Short story cinderella in theatre

Short story cinderella in theatre.

If we use the word “crisis” instead of “conflict,” we can see how plays are built. The dramatist leads up to a crisis in the life of the main character (leads up very swiftly, in a short play); in the crisis, the character makes an important discovery about himself or others which changes the way he thinks or feels. This discovery alters his direction. The reader is still in suspense: which way will he go?

Riders to the Sea is nearly always described as a modern tragedy, a term rarely applied to a one-act play. In point of fact, few plays since the seventeenth century have been accepted as true tragedies; Synge’s play, compared with Agamemnon or Oedipus Rex or Lear or Phédre, seems like a different kind of play. In classical tragedy, the tragic hero is the victim of Fate, suffering from a tribal curse which the gods require that he expiate. The renaissance and seventeenth-century tragedies, products of a Christian culture, magnify the flaw in the tragic hero’s nature – a flaw that brings about his misfortunes, which generally enable him to find redemption through death and transfiguration.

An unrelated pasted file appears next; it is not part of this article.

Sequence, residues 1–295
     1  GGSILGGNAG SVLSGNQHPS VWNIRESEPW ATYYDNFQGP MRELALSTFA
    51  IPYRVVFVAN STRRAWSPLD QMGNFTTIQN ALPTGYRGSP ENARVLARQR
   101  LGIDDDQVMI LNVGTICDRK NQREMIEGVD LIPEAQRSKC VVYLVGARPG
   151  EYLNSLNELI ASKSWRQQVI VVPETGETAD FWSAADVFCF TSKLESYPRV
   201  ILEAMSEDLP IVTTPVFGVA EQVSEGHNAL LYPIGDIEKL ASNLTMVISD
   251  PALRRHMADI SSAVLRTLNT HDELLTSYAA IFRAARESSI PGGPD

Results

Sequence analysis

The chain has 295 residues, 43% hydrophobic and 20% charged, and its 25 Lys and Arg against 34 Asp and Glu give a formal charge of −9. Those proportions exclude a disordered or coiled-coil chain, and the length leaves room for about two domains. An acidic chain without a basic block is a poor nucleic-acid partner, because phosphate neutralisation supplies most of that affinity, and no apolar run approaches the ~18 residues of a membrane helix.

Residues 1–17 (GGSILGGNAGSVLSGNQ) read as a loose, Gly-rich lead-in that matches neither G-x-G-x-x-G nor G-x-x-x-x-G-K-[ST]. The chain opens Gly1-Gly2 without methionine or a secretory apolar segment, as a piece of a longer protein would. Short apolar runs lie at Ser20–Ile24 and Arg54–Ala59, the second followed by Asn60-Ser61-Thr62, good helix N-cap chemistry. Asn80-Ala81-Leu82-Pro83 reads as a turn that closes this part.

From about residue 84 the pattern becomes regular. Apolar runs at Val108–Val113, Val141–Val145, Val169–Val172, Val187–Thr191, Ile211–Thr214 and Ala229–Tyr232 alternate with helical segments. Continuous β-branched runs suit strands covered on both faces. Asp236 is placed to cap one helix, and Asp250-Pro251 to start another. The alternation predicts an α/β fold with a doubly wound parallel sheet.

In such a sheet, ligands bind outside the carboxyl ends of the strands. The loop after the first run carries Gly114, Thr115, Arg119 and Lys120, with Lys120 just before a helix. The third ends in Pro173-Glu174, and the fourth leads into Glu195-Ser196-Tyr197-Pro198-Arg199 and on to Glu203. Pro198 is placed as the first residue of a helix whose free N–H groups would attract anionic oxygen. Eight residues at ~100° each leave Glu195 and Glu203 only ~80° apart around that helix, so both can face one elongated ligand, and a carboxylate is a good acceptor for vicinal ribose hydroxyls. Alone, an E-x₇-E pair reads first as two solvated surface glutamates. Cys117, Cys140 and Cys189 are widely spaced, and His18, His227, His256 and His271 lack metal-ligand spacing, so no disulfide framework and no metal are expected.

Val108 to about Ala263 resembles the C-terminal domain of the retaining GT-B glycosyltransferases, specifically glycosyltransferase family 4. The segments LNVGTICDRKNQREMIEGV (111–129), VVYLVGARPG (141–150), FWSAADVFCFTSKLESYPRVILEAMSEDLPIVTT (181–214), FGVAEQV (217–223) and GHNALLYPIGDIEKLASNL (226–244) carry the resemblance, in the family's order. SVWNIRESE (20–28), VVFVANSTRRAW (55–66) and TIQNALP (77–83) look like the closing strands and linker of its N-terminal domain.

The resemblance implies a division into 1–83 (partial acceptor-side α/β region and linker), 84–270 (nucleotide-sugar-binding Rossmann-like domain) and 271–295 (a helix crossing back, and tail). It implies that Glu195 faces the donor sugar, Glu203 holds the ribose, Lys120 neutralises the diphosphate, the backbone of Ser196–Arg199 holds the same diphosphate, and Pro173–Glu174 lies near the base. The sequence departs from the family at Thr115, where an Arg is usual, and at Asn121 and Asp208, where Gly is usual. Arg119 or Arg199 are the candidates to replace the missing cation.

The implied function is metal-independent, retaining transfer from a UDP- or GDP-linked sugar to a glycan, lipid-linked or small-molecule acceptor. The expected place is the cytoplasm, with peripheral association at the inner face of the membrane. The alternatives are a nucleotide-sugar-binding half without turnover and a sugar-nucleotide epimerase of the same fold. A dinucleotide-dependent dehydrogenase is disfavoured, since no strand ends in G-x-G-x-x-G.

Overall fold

If Maurya is the protagonist of Riders to the Sea we are given no hint that she is living under a tribal curse or that her misfortunes are due to some weakness that resides within her.

  • Literature Analysis
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  • Short story cinderella in theatre
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Short story cinderella in theatre. (November 9, 2015). Reviewed on 20:24, November 28 2021